You probably know Tom Brady is the GOAT and holds nearly every regular season, playoff and Super Bowl passing record under the sun. Yet there are a few other facts you have to see that will probably make your jaw drop. Below we examine 12 of the wildest facts of Brady’s 23-year NFL career as he officially retired Wednesday at age 45.
1. No NFL team had a winning record against Tom Brady
That’s not a typo. The winningest player in NFL history did not have a losing record against any team, including the playoffs. He is also one of four players to beat all 32 teams, along with Brett Favre, Peyton Manning and Drew Brees.
2. Brady had three Hall of Fame careers in one
This pretty much speaks for itself, but you should also know Brady had more touchdown passes in his 40s (193) than Troy Aikman had in his entire 12-year career (165).
3. Brady never played a snap where he was mathematically eliminated from playoff contention
Even when he did not make the postseason in 2002, he was not officially eliminated from playoff contention until results on the final day of the season eliminated the Patriots after they had already played.
4. Brady had 50.7 miles worth of passing yards (89,214)
That’s enough to make it up and down Mount Everest four times and back up a fifth time. Mount Everest, the highest point above sea level on Earth, is 5.5 miles up.
Brady also had more passing yards (89,214) than Joe Montana and Steve Young combined (73,675), and nearly 40,000 more than the rest of the 2000 draft class combined (49,548).
5. Brady won a ring for every QB drafted ahead of him in 2000 (six), plus one for himself
Brady’s seven championships are the most in NFL history. Not bad for someone drafted 199th overall in 2000. There were six QBs selected ahead of him (Chad Pennington, Giovanni Carmazzi, Chris Redman, Tee Martin, Marc Bulger, Spergon Wynn), meaning he won enough rings for each quarterback and he would still have one for himself.
6. Brady had a better percentage reaching the Super Bowl than Stephen Curry making a 3
Brady reached the Super Bowl 10 times in 21 seasons as a full-time starter (this excludes 2000 when he was a backup and 2008 when he tore his ACL in Week 1). Thus, he was more likely to make the Super Bowl (48%) than the greatest 3-point shooter of all time — Stephen Curry, who owns a 43% lifetime 3-point percentage — is at making a 3.
7. Six players who began their careers after Brady already entered the Hall of Fame
During Brady’s illustrious 23-year run, six other NFL players were enjoying great careers as well. In fact, those six — LaDainian Tomlinson (2017), Ed Reed (2019), Troy Polamalu (2020), Steve Hutchinson (2020), Calvin Johnson (2021) and Richard Seymour (2021) — all made the Hall of Fame before Brady completed his storybook career.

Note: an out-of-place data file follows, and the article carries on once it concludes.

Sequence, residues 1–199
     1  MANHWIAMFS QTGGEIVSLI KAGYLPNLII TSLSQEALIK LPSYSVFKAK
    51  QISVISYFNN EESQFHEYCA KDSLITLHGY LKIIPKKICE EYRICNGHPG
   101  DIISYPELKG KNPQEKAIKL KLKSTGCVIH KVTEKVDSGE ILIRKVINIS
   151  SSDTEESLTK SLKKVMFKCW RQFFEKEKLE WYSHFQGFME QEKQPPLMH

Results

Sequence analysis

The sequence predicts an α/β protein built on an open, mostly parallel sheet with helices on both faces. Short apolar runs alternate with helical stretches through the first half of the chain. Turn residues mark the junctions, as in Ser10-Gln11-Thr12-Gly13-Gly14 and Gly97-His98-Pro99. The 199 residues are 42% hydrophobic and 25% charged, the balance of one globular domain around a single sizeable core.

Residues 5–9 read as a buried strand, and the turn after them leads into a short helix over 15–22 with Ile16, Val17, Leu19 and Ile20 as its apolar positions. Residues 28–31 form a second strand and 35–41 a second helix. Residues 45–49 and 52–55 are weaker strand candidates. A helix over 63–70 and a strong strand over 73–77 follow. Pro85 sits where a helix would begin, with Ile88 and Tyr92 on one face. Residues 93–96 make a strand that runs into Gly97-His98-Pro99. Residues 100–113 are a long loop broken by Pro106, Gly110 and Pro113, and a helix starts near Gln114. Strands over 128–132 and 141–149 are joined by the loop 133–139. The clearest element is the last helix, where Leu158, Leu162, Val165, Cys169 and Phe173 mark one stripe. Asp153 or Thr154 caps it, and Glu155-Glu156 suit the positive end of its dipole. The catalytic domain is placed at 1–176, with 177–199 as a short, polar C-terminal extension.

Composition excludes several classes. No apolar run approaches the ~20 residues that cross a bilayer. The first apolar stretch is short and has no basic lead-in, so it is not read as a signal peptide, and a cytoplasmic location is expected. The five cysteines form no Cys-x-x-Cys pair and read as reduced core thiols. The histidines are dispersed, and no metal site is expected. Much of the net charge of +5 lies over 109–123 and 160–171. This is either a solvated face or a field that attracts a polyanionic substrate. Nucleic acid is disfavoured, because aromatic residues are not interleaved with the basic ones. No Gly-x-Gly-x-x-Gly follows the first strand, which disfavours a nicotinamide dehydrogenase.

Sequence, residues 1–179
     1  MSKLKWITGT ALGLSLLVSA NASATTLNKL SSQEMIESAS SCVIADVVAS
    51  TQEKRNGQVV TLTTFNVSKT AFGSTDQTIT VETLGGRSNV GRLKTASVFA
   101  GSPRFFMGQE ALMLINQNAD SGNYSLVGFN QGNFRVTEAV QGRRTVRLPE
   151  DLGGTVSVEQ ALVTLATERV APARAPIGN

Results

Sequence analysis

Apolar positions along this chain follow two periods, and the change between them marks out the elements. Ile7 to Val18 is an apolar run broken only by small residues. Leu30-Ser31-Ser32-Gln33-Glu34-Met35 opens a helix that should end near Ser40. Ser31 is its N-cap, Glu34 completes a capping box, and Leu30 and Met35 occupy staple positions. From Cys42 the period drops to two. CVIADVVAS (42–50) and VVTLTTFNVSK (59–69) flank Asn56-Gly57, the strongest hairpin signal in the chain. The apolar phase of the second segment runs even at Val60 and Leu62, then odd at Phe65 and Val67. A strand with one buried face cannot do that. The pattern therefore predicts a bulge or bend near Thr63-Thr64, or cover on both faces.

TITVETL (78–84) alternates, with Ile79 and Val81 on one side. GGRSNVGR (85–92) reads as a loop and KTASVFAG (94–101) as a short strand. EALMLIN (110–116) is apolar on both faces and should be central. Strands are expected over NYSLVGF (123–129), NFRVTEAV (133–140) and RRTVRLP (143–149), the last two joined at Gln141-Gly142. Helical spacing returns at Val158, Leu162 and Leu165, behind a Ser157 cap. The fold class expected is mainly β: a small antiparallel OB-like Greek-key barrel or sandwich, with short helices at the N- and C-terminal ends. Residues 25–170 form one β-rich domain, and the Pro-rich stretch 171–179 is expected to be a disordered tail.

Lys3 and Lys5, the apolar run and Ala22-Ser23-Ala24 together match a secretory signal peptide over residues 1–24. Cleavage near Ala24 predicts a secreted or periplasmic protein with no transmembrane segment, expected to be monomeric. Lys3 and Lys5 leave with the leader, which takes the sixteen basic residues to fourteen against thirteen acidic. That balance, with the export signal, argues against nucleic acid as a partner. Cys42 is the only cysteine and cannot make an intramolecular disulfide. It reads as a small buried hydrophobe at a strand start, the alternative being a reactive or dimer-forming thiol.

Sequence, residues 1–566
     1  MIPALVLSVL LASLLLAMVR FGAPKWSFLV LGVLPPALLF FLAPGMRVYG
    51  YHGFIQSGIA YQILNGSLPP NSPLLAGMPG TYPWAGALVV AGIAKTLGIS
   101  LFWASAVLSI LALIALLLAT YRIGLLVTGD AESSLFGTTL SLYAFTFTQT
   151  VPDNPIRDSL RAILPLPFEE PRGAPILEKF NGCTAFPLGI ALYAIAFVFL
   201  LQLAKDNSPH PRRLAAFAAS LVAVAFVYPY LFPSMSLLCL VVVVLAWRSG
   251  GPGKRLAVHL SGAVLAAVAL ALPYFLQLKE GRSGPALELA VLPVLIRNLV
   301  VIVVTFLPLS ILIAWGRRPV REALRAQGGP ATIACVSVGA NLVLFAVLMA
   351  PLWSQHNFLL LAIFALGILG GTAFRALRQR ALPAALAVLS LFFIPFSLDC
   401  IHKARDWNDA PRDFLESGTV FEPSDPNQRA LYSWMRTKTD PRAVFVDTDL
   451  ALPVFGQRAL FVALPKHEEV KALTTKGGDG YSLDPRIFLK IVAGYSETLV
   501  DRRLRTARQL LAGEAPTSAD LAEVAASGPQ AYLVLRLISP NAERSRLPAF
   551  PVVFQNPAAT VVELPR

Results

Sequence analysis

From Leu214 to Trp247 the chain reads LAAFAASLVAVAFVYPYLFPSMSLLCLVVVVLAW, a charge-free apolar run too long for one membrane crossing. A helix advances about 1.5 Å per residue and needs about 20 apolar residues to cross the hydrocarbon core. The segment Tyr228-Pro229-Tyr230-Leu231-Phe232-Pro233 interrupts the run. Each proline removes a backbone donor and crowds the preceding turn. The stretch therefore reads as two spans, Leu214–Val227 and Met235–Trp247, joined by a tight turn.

8. Brady was the last active pro athlete drafted by the Montreal Expos
Brady’s retirement means there are no more active pro athletes drafted by the Expos. He was taken in the 18th round by Montreal in 1995.
9. Brady has the second-most receiving yards in NFL history after turning 40
Brady had six receiving yards in his 40s, thanks to a six-yard catch against the Titans in 2018. That’s still good enough to be the second-highest total after turning 40 in NFL history behind Jerry Rice.
10. Brady will make more as a broadcaster than he did in his NFL career
Brady has the most career earnings in NFL history ($333 million), but is set to make more as a broadcaster.
11. There’s only one holdover on the NFL’s top-10 pass TD leaderboard from 2000
Brady’s career lasted so long that there’s only one player in the top 10 on the all-time touchdown passes leaderboard today, also ranked top 10 when Brady entered the league in 2000. That’s Dan Marino, who was the NFL’s all-time leader in that category when Brady was drafted, and now ranks seventh.
There have been 217 individual 4,000-yard passing seasons in NFL history, and 179 of them (82%) came since Brady entered the league in 2000.
12. Brady won six playoff games when passing 50+ times, double all others in league history combined
Usually when you have to throw 50 times in a playoff game, your team is getting hammered and your racking up garbage-time stats. But for Brady, no deficit was ever out of reach. He was 6-4 (.600) in his playoff career when attempting 50 passes, including a 25-point comeback win in Super Bowl LI against the Falcons when he threw 62 times. All other players in postseason history are 3-34 (.081) when passing 50 times.
Contributions from CBS Sports Research